More to that point: The aforementioned fan Reynoso added, “We’re saddened by everything that has happened…it’s been hard to see. But they’re going to race whether we’re here or not, and we love it here, so we’re coming.” To which I reply:

To those who wager on horseracing, we implore you to reconsider. And ultimately, you hold all the cards – no more bets, no more races; no more races, no more kills. And – no more abusing unformed bodies; no more extreme, relentless confinement; no more whipping; no more drugging and doping; no more buying and selling and trading and dumping. No more auctions, no more kill-buyers, no more transport trucks, no more abattoirs. No more maiming, destroying; pain, suffering. No more.

In a landscape that abounds with other gambling options – casinos, lotteries, real sports involving autonomous human beings – hasn’t the time at long last arrived to let the racing-horse be? You, the bettor, have within the capacity for mercy. We ask only that you exercise it. Please. For the horses.

The article, by the way, is also noteworthy for this:

“The crowd was reminded of the trouble before even entering the track, as several dozen protesters stood on a grassy area outside the front gate waving signs and chanting. ‘Horse racing needs to be abolished,’ said Heather Hamza, leading what she called a group of concerned citizens backed by the group known as Horseracing Wrongs. ‘The world is watching this track. Every horse that is killed here will make big headlines. We need to be part of those headlines because we’re telling them to stop it.'” Thank you, Heather, and to all who came and stood for the voiceless.

“Death is delivered pink.” And so begins an ESPN The Magazine article (5/4/09) on the track veterinarian’s unenviable role as killer of the broken. Racing calls it euthanasia, of course, but that’s simply self-absolution. In any event, this is no indictment of the vets, for as long as they continue to hold races, someone must do the dirty work.

The article follows Lauren Canady, the vet at Fair Grounds Race Course in New Orleans, early in 2009. In the first race, Canady is summoned, like a medic to the battlefield, by the radio call “A horse is down!” 4-year-old Heelbolt’s ankle has snapped. It is a horrific injury, ankle “dangling and shattered, attached only by skin,” arteries split, and “blood everywhere.” As Canady pulls up, Heelbolt is still calm, the severe pain not yet arrived. On a 0-5 scale, this is a 5. Definite euthanasia.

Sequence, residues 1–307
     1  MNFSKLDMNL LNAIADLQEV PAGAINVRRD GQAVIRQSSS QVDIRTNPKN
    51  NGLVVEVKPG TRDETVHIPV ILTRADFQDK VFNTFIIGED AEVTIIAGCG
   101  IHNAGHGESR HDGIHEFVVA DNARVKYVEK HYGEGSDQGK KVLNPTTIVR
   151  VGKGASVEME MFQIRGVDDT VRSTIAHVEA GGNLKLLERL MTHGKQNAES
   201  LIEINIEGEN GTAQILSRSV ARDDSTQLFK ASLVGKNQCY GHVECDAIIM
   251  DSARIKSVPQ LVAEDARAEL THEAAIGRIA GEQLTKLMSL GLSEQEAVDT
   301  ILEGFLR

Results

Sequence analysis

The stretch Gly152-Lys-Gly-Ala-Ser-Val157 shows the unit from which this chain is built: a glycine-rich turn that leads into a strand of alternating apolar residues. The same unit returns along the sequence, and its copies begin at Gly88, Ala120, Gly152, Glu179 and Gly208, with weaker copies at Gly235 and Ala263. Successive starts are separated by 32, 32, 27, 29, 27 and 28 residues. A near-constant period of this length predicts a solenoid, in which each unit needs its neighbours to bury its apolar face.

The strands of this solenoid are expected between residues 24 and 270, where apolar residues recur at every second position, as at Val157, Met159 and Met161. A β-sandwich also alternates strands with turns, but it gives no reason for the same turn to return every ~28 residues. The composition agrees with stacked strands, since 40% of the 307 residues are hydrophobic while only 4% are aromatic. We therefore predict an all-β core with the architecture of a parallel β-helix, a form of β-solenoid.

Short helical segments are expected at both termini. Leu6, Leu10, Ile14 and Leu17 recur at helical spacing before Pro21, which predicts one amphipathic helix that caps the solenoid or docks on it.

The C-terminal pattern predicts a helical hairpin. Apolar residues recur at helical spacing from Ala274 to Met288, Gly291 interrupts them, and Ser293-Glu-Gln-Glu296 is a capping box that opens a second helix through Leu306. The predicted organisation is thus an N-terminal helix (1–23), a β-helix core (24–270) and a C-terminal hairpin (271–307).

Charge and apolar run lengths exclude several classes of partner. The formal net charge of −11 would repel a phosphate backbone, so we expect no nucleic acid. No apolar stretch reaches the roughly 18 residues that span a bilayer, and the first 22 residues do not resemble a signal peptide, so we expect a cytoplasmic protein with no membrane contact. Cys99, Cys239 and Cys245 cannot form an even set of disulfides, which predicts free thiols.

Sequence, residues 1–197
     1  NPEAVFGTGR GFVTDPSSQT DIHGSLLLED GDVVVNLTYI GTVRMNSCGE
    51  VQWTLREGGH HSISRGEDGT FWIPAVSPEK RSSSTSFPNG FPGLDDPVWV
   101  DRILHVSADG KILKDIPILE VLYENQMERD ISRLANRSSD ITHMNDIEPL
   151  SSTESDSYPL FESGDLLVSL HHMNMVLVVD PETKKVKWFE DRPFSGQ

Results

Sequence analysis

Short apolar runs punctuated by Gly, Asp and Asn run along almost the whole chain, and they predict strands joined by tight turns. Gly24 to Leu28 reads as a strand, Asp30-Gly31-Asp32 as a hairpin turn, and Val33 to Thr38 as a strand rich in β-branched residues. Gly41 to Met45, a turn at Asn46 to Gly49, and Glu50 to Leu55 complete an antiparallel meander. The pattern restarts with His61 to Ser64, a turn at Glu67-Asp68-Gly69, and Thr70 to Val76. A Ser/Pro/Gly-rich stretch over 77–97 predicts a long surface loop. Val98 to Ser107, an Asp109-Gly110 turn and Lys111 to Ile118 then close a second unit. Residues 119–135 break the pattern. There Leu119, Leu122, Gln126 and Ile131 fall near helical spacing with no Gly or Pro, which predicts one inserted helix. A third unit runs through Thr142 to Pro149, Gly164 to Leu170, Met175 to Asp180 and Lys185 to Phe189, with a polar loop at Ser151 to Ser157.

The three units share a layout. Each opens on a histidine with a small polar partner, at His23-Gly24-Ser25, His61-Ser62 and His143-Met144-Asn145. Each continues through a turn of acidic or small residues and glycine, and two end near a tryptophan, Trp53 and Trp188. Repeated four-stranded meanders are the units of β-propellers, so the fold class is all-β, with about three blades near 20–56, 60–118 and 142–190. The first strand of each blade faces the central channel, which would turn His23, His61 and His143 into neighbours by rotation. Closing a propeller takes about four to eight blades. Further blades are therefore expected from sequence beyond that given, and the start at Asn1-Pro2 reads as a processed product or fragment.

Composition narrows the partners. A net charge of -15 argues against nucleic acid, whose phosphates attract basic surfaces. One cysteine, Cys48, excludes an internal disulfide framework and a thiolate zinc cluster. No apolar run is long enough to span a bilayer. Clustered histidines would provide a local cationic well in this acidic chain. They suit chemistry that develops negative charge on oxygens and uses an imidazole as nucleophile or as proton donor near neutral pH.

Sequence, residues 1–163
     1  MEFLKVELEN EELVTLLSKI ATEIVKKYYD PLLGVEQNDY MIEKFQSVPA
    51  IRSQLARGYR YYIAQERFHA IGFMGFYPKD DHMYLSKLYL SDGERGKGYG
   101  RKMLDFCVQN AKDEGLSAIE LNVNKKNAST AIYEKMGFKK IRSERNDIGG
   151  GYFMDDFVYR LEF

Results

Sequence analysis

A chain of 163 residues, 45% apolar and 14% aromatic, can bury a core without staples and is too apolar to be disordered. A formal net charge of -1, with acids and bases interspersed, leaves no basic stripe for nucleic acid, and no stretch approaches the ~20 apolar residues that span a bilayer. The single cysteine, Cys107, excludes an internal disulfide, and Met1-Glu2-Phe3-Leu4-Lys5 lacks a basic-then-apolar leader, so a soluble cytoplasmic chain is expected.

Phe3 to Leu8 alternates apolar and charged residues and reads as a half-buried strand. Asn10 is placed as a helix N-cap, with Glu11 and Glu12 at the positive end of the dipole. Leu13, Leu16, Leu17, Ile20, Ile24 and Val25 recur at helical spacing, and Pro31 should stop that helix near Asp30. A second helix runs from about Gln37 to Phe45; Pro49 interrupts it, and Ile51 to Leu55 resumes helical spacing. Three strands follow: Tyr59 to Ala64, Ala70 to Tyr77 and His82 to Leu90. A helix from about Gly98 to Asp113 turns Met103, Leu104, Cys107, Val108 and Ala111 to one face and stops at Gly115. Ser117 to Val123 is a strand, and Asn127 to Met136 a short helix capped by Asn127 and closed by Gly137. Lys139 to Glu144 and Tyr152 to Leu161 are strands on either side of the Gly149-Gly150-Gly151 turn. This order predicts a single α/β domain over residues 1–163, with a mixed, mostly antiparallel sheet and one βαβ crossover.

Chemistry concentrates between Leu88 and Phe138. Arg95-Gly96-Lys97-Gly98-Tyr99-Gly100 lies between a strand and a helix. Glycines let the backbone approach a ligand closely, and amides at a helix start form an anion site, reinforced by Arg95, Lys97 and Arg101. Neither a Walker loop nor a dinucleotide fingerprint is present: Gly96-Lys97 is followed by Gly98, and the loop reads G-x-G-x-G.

The scene is set: “His eyes, once coldly fixed on the track, are teary and dilated. His breathing, once quick, has quickened even more. His coat, once shiny from the pumping of oil and sweat glands, has dulled.” The vet goes to work. Stroking “his neck to say good-bye,” she administers a mix of pentobarbital, for deep sleep, and succinylcholine, to shut down the heart and brain.

And then: “Heelbolt falls under the railing, landing shoulder first, his nose in the dirt. He blinks rapidly for 10 seconds or so until his eyes, once beautifully alert, are blank. As his fellow horses, having just finished the race, jog by, his life is measured in shallow breaths – until he is no longer breathing, until he is just 1,200 pounds of expired muscle, his bloody, shattered leg hooked on a railing. It’s hard to know what a peaceful death looks like, but this isn’t it.”

Horses are not, as the author declares, “born to compete,” and heartbreaking stories like Heelbolt’s should not be found on the pages of ESPN. For all our moral posturing, especially concerning animals, passive acceptance of this quote from the article proves that some of our sensibilities remain frozen in antiquity: “…and we’re reminded that one of our country’s oldest sports is one in which the athletes sometimes die during competition.” Deaths on the playing field? Is this 21st Century America or 1st Century Rome? I half expect Rod Serling to appear.